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A black Gildan Softstyle t-shirt with front and back Lonely Robot ‘Please Come Home’ designs.
ALL ABOUT LONELY ROBOT
John Mitchell had long thought about embarking on a solo project and when he found a break in his schedule due to plans for the next It Bites album being delayed, he finally took the opportunity.
“People had suggested I do a project like this for a long time, but I procrastinated so much that in the end, it took Thomas Waber from InsideOut to push me into doing this. Musically, Lonely Robot is very proggy, but more about atmosphere than technical expertise. It reminds me in places of Kino and Frost*, but stands apart from both.”
John also put a lot of thought into the overall project name. Lonely Robot isn’t just the juxtaposition of two disparate words.
“It represents the human condition. I’m not suggesting that human beings behave like robots, but so many people lead regimented lives and it’s easy to get stuck in a rut and not realise or know how to get out of it.”
ABOUT THE BIG DREAM
Following 2015’s acclaimed debut ‘Please Come Home’, ‘The Big Dream’ has a core theme running through it – one that sees The Astronaut, the central character in the Lonely Robot adventure, emerging from a long period in stasis.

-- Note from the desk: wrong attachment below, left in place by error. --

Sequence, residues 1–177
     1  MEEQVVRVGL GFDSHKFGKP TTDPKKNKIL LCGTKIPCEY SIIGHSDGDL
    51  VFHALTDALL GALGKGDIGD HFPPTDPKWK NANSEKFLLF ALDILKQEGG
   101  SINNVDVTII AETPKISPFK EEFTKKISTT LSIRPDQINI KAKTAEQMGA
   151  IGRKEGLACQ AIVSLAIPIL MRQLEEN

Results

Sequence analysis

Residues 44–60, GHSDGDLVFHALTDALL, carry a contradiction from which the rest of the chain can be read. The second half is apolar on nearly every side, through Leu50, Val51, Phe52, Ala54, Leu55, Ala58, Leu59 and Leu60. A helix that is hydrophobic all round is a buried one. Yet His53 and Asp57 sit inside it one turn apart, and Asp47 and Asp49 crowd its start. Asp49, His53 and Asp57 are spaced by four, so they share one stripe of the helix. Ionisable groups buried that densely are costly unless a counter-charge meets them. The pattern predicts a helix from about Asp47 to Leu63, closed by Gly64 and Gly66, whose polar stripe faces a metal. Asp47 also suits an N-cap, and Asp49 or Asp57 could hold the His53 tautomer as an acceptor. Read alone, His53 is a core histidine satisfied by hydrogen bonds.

Mitchell explains: “The Astronaut wakes up from a cryogenic sleep but finds he’s no longer in space, and is instead in a woodland area surrounded by a group of strange people with animal heads! It’s a little surreal, a little ‘Midsummer Night’s Dream’ to some extent. This is something of a solipsistic haze, for want of a better description!
I have always envisaged the storyline of The Astronaut’s journey evolving over the course of three albums. And I always knew where I wanted to go with the second album – taking The Astronaut away from space and into a strange and unfamiliar environment. Right now, I have no thoughts of what will happen for the third one but I’d better start thinking about it now!”
“Musically, Lonely Robot is very proggy, but more about atmosphere than technical expertise. It reminds me in places of Kino and Frost*, but stands apart from both.”